Review: ‘Sleeping With Other People’

'Sleeping With Other People'
‘Sleeping With Other People’
I suppose it’s official, but the twenty-first century ‘rom-com’ is snide, emotionally vacant and replete with self serving egomaniacs who convey little truth in relationships or the basic ways in which we connect with each other. Okay, maybe not all ‘rom-coms’, but at least in the case of Leslye Headland’s Sleeping With Other People, a film whose ambitions are tethered with two of the most unlikable characters on-screen this year and whose relationship is centralized around the basic fact they’re both emotionally stunted individuals when it comes to monogamy and healthy partnerships. Sometimes, this makes for compelling and disturbingly good cinema. But here, it alienates.

In fact, even their obligatory “meet-cute” reeks of pointed genre inversion as college student Jake (Jason Sudeikis) hears a commotion in his dorm room hallway and sees fellow student Lainey (Alison Brie) pounding on the door of neighbor Matthew (Adam Scott). After a brief explosion of profanity and sexually explicit directives when Matthew won’t open the door, Jake saves her from being kicked out of the dorm by allowing her into his room.

See, Lainey’s plan of losing her virginity to Matthew didn’t go as planned, and as she and Jake talk through the night, they rambunctiously go at it themselves, giving their virginity away to each other in an impetuous moment.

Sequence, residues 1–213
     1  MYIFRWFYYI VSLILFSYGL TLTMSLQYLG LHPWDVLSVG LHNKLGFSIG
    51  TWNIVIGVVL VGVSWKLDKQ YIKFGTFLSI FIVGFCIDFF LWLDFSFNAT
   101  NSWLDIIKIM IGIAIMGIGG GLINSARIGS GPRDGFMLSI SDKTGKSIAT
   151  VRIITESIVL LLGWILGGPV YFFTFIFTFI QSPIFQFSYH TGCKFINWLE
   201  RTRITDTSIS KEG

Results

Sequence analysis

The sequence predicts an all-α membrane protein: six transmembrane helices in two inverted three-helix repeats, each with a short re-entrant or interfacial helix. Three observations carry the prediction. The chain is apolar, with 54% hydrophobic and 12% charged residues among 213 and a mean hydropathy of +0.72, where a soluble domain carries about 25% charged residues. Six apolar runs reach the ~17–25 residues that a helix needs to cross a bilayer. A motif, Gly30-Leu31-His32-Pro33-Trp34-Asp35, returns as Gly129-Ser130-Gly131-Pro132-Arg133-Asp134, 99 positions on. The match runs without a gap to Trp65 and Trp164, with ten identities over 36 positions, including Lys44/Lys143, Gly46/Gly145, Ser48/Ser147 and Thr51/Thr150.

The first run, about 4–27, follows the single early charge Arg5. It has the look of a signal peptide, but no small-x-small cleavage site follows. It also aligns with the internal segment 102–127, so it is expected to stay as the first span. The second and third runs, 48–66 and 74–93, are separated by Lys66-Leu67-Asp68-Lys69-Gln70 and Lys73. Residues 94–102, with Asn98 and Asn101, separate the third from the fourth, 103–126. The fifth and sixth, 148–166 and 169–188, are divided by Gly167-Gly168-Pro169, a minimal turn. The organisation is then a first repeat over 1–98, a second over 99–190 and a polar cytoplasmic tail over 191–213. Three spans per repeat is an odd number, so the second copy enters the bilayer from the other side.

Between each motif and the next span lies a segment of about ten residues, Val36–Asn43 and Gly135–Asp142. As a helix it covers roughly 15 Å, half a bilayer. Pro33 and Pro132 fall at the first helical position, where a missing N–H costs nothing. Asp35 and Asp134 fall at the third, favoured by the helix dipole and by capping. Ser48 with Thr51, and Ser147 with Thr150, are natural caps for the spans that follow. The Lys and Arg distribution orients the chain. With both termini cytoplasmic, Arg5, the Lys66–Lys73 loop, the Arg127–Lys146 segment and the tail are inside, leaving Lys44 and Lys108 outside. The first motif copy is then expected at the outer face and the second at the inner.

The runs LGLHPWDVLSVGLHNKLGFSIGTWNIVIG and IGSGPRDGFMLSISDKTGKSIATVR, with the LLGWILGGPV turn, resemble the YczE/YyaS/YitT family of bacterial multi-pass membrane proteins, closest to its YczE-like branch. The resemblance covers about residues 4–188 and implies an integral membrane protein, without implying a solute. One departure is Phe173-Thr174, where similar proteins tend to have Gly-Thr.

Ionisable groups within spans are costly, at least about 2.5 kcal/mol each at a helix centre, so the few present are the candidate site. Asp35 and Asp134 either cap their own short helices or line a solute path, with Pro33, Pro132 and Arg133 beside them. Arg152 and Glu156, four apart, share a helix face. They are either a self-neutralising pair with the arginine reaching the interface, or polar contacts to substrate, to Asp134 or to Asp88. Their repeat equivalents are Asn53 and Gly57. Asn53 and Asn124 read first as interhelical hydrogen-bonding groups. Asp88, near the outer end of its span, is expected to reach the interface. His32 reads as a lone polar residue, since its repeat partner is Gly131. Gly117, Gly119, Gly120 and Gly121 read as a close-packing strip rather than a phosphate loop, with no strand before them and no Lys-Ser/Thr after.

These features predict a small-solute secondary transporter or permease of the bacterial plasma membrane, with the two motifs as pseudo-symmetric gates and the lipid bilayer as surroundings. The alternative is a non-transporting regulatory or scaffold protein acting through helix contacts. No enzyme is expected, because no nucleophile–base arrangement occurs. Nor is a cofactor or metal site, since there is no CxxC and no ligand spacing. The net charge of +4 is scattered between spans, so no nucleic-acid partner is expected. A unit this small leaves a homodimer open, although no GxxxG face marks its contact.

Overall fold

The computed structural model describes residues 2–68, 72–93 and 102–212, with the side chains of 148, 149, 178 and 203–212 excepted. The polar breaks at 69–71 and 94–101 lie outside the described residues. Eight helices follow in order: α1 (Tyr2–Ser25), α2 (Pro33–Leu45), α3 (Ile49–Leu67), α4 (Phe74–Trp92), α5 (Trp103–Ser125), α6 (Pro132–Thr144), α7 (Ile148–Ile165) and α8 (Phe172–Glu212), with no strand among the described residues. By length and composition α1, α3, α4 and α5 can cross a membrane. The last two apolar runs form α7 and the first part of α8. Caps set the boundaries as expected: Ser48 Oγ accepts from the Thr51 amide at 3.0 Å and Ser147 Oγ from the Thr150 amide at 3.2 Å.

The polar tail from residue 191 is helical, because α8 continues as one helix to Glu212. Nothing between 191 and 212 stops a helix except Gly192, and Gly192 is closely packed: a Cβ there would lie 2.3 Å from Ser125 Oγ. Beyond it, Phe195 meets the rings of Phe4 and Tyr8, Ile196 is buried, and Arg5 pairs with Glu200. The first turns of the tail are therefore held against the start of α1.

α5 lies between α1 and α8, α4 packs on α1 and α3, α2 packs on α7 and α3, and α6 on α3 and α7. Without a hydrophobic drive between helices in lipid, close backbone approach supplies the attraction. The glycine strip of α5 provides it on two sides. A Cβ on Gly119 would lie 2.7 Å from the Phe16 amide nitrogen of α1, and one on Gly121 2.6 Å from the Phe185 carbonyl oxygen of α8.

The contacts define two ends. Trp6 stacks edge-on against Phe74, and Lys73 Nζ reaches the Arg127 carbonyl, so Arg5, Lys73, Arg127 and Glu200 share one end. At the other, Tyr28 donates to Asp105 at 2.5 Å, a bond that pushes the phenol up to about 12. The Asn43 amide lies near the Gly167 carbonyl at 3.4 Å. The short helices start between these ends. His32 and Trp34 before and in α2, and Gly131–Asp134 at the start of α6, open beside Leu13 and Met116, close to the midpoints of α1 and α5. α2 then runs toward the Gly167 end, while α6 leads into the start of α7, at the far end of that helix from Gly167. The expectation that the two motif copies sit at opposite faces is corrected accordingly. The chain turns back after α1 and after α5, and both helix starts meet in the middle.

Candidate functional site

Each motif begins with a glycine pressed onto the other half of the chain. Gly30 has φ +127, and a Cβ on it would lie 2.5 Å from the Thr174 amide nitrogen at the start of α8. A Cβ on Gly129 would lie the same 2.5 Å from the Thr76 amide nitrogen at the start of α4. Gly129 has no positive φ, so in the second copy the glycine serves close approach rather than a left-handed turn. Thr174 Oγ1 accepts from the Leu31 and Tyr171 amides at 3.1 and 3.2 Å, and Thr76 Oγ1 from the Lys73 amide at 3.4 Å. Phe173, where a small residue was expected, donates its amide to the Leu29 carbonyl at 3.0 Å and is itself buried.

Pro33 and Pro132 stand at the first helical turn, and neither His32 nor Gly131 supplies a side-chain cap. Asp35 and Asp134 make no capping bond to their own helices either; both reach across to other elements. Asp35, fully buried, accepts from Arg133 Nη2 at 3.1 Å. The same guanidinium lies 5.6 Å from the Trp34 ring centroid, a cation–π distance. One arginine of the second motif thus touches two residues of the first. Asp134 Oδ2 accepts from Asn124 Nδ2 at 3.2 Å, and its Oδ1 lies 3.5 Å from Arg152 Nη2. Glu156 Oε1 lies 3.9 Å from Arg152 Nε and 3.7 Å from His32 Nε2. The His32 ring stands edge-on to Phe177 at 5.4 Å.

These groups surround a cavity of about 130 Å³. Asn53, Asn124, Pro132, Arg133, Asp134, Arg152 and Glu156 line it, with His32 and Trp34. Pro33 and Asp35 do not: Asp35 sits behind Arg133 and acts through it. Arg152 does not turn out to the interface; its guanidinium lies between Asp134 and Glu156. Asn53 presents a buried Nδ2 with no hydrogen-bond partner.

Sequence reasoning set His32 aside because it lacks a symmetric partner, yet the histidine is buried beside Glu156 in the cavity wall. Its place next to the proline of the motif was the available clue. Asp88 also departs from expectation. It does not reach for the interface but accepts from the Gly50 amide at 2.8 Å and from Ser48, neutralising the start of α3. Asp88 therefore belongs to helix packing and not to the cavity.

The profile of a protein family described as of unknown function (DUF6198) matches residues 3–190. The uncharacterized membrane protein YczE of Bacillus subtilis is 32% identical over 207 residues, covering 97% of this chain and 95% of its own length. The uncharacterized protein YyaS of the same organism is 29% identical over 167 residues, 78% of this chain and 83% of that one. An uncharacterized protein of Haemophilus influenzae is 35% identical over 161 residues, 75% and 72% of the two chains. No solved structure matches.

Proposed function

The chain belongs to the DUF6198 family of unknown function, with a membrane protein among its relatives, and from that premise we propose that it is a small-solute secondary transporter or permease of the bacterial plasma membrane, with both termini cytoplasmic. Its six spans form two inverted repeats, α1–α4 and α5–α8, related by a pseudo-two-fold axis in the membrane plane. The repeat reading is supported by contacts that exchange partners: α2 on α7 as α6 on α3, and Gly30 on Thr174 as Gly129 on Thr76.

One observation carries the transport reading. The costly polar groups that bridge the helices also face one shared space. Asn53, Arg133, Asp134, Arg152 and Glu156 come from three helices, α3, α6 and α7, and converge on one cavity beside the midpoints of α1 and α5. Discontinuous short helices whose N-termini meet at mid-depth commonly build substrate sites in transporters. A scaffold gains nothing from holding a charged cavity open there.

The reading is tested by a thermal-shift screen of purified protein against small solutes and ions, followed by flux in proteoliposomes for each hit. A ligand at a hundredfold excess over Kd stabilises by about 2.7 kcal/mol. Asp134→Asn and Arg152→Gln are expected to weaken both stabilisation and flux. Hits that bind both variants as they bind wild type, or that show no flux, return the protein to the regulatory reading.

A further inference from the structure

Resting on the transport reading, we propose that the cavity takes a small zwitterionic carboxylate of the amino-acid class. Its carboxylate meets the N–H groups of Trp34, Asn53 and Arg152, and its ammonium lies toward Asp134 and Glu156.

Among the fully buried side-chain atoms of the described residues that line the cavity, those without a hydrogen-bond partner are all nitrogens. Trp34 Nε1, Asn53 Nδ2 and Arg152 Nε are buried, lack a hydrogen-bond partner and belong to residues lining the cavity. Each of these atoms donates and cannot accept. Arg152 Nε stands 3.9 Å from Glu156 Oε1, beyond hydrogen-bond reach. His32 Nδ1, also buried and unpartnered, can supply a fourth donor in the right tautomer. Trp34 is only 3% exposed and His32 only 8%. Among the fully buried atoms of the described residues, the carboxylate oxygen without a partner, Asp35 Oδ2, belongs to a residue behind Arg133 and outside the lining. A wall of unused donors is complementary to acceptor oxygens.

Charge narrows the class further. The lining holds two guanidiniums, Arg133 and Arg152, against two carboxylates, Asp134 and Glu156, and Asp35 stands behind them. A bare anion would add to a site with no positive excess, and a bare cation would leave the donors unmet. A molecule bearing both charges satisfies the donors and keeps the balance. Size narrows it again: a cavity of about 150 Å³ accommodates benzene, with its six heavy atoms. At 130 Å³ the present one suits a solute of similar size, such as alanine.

Cut to years later as we watch Jake being publicly dumped by his current girlfriend Hannah (Margarita Levieva) on the sidewalks of New York when she finds out he slept with another woman. Via a monologue that sounds as if David Mamet inserted a chunk of twisted logic into Jake’s mouth on why and how Hannah is so upset over his dubious actions, Jake is revealed to be a highly intelligent but smart-ass sexual addict, something confirmed when we next see him attending a sex addicts meeting and running into older Lainey at the same meeting.

Equally unhappy in her own sexually subjugated life, the two draw closer and closer as they decide not to have sex, but engage in a friendship that sees them weave in and out of destructive relationships with old flames and new ones, such as Jake’s boss played by Amanda Peet.

Along the journey of their hither and yonder abstinent friendship, we’re treated to a scene where they show up blitzed on ecstasy pills to a children’s birthday party, numerous scenes of Sudeikis showcasing his wit with an over-cooked script, and numerous secondary performances (such as that of Peet’s) that often feel more developed and heartfelt than the central ones of Sudeikis and Brie. All of this situational comedy is wrapped around the basic question of will they or won’t they end up together? At least in that regard, Sleeping With Other People is somewhat old fashioned.

Also written by Headland, Sleeping With Other People is, perhaps, a comedy for the new times. Like Judd Apatow’s Trainwreck, it’s a film that elides the nuanced presence of previous comedies and instead foregrounds the deviant undercurrents of its men and women. Sexual addiction. The inability to break free of destructive impulses. Non stop inner dialogue that attempts to mask the ripples of hurt and insecurity. It also doesn’t hurt that Amy Schumer and Jason Sudeikis are virtual opposite-gender-twins in both their outlook on sex and their eventual warming up to the ideas of monogamy through the slow emotional hammering of their on-screen partners.